I'm not bringing up the difficult-to-swallow facts of Albrecht's behavior that night to be sensationalistic or to ratchet up the drama. I mention them because, for one, there is something about the violence of what occurred that entire night that speaks to where we are culturally, existentially, legally or however. But I mention them mainly because they illustrate a real, live human being, with many beautiful sides and with faults like anyone else. If Albrecht was a closet abuser, that is an amazingly hard thing to come to terms with, and it's by no means something anybody should excuse or endorse, but it makes him no less a human being, nor does it make his loss less of a tragic waste. If, as many of his friends believe, he simply snapped because of medication, or some other anomalous factor, that's the best we can hope for. But either way, the tale of his final evening is so...human, and it's the exact kind of delicate humanity that flowed through his body, out his fingers and into—not onto, but really into—his keyboard and his guitar strings.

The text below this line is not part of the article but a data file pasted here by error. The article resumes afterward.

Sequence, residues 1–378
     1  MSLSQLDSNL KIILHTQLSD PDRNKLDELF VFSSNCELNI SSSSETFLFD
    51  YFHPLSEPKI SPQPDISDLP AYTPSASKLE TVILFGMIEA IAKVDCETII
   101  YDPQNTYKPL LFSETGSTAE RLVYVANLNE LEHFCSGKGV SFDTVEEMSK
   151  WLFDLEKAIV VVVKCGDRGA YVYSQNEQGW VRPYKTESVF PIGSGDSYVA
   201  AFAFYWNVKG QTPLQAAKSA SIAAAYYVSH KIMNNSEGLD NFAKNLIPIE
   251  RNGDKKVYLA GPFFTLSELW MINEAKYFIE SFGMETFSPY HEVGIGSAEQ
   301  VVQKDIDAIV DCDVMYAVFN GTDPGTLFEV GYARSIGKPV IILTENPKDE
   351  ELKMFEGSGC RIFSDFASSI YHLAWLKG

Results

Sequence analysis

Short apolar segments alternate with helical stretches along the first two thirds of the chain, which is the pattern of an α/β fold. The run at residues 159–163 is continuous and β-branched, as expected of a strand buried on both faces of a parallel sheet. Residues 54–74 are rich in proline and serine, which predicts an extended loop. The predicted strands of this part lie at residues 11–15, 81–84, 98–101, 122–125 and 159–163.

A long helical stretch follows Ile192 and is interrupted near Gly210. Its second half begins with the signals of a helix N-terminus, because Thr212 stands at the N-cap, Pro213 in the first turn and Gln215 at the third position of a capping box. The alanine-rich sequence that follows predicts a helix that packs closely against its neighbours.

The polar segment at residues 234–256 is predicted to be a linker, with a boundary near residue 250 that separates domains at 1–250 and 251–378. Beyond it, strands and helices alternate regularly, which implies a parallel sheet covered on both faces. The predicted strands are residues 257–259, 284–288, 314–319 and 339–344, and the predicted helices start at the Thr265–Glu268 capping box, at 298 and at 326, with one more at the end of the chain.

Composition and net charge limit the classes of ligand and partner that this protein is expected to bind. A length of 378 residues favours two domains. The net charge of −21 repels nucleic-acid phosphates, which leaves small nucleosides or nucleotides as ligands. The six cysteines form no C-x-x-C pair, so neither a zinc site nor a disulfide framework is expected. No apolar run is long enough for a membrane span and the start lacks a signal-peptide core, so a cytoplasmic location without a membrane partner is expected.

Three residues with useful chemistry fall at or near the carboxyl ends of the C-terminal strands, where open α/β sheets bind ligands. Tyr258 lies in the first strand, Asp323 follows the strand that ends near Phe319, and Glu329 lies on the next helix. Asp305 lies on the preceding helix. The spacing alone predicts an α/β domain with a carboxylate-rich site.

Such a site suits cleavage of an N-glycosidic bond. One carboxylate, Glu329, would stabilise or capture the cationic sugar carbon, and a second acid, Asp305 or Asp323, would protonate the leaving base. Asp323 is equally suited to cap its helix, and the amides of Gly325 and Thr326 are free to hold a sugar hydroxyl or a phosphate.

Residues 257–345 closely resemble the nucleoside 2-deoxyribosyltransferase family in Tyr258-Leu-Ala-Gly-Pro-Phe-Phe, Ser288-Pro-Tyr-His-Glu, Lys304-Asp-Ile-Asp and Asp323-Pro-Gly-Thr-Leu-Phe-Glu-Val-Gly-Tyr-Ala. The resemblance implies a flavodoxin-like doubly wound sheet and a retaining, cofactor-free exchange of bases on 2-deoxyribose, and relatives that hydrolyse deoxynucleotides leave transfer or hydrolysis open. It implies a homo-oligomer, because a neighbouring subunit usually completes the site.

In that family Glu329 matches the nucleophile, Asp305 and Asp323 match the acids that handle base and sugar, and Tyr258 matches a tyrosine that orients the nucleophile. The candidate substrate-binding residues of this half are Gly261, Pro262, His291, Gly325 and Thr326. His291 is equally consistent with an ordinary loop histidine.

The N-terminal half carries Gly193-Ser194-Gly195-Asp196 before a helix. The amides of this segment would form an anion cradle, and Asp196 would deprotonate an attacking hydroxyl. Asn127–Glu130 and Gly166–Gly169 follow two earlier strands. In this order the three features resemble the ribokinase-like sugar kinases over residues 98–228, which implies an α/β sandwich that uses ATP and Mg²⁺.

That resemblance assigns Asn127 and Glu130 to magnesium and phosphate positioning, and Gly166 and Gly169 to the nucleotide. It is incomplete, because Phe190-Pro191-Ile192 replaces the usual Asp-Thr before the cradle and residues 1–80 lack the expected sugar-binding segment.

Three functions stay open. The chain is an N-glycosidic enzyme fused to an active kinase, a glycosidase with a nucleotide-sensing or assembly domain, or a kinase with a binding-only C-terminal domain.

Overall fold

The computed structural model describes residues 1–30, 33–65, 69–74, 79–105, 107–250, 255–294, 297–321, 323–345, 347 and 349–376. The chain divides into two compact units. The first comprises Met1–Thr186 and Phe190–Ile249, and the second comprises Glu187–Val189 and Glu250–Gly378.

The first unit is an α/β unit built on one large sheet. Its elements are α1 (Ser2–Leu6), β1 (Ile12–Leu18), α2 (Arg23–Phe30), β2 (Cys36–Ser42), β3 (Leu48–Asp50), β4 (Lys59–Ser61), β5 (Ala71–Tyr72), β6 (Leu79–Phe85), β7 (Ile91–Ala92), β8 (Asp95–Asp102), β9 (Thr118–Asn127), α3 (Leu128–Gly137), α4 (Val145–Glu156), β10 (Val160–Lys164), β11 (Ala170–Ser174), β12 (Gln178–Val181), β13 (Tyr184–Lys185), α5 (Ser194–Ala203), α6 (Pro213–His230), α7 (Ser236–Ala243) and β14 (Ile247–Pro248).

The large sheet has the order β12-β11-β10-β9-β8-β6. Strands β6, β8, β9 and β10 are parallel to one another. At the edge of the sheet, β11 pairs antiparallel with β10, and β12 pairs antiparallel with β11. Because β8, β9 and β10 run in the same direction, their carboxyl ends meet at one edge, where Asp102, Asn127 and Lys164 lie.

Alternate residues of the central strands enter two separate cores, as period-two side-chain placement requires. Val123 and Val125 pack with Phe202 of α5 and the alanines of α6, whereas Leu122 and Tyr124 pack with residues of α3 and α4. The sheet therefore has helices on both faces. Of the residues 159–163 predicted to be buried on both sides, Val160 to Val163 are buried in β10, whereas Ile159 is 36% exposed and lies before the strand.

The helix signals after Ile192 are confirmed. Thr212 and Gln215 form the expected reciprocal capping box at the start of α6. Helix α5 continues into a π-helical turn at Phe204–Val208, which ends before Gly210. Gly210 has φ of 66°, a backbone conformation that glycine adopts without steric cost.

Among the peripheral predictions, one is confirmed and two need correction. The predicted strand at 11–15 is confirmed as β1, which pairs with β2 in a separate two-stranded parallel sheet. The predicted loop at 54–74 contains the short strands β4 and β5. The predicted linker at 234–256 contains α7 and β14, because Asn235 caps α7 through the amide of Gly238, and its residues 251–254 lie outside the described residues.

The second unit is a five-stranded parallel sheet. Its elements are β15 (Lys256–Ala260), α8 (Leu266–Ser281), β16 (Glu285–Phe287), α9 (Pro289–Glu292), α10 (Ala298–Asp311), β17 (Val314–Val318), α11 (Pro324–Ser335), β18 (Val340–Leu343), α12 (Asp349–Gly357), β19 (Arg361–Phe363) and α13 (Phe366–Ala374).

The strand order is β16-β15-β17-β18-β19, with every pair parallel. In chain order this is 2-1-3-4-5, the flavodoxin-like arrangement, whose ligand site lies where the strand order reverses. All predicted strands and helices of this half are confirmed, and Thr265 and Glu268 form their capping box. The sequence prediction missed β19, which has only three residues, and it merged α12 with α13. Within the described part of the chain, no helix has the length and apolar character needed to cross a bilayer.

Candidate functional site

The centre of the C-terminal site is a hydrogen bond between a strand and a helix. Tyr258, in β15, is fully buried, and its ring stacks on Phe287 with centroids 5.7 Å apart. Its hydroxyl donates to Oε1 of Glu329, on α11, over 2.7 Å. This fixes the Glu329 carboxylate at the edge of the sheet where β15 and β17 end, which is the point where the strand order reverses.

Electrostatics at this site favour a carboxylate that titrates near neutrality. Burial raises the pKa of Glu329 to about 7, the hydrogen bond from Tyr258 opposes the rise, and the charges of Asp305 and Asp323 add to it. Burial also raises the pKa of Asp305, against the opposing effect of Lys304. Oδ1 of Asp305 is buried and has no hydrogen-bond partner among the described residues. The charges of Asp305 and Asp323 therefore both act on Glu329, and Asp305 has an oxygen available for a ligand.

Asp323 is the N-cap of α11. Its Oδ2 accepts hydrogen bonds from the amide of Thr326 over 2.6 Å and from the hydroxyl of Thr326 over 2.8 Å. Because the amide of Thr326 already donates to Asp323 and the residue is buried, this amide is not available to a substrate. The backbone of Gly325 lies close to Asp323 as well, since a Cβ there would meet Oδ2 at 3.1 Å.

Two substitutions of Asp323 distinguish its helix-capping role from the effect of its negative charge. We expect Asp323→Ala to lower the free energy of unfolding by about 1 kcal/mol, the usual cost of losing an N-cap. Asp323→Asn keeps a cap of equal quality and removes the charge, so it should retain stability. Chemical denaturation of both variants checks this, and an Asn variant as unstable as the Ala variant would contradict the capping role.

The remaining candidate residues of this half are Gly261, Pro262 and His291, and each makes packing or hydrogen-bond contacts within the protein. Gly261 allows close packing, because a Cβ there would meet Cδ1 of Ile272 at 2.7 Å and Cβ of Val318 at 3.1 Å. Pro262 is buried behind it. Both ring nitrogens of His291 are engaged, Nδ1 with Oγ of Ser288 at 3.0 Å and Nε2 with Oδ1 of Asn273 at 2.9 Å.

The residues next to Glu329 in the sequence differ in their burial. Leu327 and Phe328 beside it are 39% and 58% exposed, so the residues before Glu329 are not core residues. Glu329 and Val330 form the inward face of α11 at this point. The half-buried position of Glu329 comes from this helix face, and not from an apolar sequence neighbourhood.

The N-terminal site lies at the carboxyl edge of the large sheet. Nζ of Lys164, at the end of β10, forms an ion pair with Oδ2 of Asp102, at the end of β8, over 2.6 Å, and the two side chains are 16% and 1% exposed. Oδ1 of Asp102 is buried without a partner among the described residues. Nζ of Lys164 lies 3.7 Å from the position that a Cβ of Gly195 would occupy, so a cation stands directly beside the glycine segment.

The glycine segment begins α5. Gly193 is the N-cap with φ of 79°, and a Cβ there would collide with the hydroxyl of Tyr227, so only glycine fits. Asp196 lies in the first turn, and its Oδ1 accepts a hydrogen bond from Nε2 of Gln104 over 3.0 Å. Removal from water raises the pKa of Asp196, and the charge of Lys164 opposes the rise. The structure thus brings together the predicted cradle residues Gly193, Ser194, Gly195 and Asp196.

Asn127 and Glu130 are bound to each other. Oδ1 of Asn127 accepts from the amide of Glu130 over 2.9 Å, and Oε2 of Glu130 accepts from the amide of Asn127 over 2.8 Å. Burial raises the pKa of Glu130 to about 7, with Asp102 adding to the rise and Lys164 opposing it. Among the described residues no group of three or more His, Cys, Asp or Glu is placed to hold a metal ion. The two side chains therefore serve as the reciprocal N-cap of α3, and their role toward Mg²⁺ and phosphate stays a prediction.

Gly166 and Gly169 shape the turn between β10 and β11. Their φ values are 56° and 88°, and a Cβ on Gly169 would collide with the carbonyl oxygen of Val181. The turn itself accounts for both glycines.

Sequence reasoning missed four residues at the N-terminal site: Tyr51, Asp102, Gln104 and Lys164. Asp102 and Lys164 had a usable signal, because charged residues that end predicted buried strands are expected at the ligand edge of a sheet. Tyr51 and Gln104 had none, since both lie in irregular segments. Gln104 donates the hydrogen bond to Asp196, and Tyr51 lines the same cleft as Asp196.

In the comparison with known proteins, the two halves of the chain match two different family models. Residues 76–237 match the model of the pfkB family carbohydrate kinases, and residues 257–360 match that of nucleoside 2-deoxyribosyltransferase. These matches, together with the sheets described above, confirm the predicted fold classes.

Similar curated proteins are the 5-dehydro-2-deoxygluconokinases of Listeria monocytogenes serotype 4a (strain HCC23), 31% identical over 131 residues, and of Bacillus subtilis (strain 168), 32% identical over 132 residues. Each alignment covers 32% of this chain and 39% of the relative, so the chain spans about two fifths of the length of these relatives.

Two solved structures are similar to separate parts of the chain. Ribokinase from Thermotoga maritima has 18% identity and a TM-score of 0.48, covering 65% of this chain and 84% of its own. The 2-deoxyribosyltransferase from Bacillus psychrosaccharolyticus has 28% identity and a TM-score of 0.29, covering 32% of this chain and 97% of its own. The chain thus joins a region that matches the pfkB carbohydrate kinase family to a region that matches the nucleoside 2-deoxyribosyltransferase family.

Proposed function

Albrecht's enthusiasm for music spilled out and over into other people as well as instruments. There was a microphone set up onstage at the gathering, and more than one person noted that Albrecht had pulled them aside and complimented their work, or told them to keep it up, or begged to play piano on a band's project. More than one person tried to convey just how deeply his pure talent went, and what it meant to work with him. "Carter was the guy," said Chris Mayes of Pleasant Grove, "who, if he said you were doing something good, you knew you really had something."